Wells Fargo Shows 3 Deadly Sins Of SOX
As the Wells Fargo fake-account scandal continues to unfold, CEO John Stumpf appears increasingly likely to lose his job over the bank’s high-pressure sales tactics.
If this happens, Stumpf would join about 5,300 low-level workers already fired for creating accounts without customer permission — but also many employees who were fired, unforgivably, for resisting or reporting the wrongdoing.
Along with Wells Fargo’s customers, these honorable employees are victims of a cutthroat culture built by Stumpf. Based on media accounts, Wells Fargo betrayed its most ethical workers by violating three key components of a compliance regime that is demanded by laws including the Sarbanes-Oxley Act of 2002.
Had the bank followed best practices under SOX, Stumpf could have been spared his ongoing shaming by Sen. Elizabeth Warren, D-Mass., his further grilling before the Financial Services Committee of the U.S. House of Representatives — and possibly the end of his own career.
Here are the three deadly sins of SOX, as illustrated by Stumpf and Wells Fargo.
Failure to Protect Whistleblowers
SOX and other federal laws forbid retaliation against employees who draw attention to wrongdoing. Under SOX, publicly traded companies must provide channels for such whistleblowing — and then guard zealously against the punishment of employees who use them.
Wells Fargo has an ethics hotline, as Stumpf testified recently, but media reporting has painted its use as a fast track to dismissal.
According to the New York Times, for example, one employee was fired just three days after calling the hotline, and subsequently ended up living in his truck. According to CNN Money, a single mother was fired soon after submitting a similar report — and was accused by Wells Fargo of falsifying documents, which she denies.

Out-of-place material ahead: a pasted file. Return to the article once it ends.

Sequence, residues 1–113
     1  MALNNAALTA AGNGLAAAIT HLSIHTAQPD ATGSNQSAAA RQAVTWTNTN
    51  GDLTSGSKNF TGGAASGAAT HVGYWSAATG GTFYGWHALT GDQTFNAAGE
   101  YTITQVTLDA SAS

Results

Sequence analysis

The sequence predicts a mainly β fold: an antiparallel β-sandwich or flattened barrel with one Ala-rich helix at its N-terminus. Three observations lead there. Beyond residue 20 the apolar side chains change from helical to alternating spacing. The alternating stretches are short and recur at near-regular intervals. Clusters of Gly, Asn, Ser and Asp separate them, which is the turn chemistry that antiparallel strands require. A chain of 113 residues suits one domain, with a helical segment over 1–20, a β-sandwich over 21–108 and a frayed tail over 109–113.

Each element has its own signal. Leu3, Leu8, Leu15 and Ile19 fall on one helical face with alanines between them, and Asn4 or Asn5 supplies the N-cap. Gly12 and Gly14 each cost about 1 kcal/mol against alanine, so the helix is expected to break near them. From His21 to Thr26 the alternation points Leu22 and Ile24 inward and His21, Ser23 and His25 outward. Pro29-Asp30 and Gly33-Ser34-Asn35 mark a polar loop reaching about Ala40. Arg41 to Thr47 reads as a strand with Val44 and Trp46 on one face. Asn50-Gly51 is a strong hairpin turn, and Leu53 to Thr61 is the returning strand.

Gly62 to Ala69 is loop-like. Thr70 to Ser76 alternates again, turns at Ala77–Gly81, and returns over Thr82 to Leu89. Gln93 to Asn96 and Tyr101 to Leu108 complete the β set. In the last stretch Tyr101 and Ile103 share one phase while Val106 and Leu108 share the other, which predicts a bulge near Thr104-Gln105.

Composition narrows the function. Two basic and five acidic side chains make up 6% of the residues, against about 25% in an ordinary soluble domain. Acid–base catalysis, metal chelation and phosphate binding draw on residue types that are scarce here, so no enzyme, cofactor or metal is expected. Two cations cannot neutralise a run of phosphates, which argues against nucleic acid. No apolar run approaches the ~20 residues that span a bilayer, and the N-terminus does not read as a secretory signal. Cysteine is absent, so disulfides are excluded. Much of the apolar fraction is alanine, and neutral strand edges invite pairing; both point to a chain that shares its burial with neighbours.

Such incidents show a shocking lack of internal controls at Wells Fargo: Upon receiving a whistleblower report, companies should carefully avoid any adverse action against the whistleblower — for any reason — at least until the report has been fully investigated.
CNN Money portrayed the exact opposite situation, however, with a former Wells Fargo human resources official saying that the bank had a method in place to retaliate against tipsters — monitoring their behavior to find minor pretexts for firing. If corroborated, such a method would be in clear violation of SOX and the Dodd-Frank Act.
“Tone at the Top”
To quote a commissioner of the U.S. Securities and Exchange Commission, SOX “makes clear that a company's senior officers are responsible for the culture they create.” Section 302 of the law calls for strict internal controls, while Section 404 makes top officers — and ultimately the CEO — responsible for the effectiveness of these controls.
“Tone at the top” is a key concept in SOX cases: it holds the CEO answerable not just for putting in place the right policies, but also for setting a clear moral example with regard to those policies. Based on his Senate appearance, Stumpf did the opposite.
First, as Warren made clear, Stumpf not only whipped his employees to meet unrealistic quotas for cross-selling bank products — leading directly to their fraudulent creation of accounts — but he also trumpeted their ever-increasing “success” as a key indicator of the bank’s health, despite evidence to the contrary.
And second, as cited by Sen. Bob Menendez, D-N.J., Stumpf not only failed to act on an employee’s e-mail to him about improper sales tactics — he also failed to prevent the employee’s subsequent firing.
When it is done properly, “tone at the top” can help to defend companies from liability under SOX. Here, it is likely to cut the other way.
Failure to Escalate Compliance Issues
Under SOX, public companies should ensure that credible whistleblower complaints are escalated as high as necessary to achieve resolution. Along with the CEO, a company’s audit committee — a subset of its board of directors — has particular legal duties in this regard, and can opt to hear and resolve whistleblower reports directly.
Until recently, when it stripped Stumpf of about $41 million in stock awards, the Wells Fargo board has been slow to recognize, and to act on, the bank’s dysfunctional culture. It’s unclear whether audit committee members were aware of all the reported ethics complaints — but ignorance is not an excuse under SOX anyhow.
Responsible audit committees and CEOs will put a speedy escalation procedure in place, and make their personal availability clear to whistleblowers.
In the end, SOX is all about process and accountability. By failing to develop either, Wells Fargo harmed the very employees who were trying to help it.
R. Scott Oswald is managing principal of The Employment Law Group in Washington, D.C. He represents whistleblowers under SOX and other laws.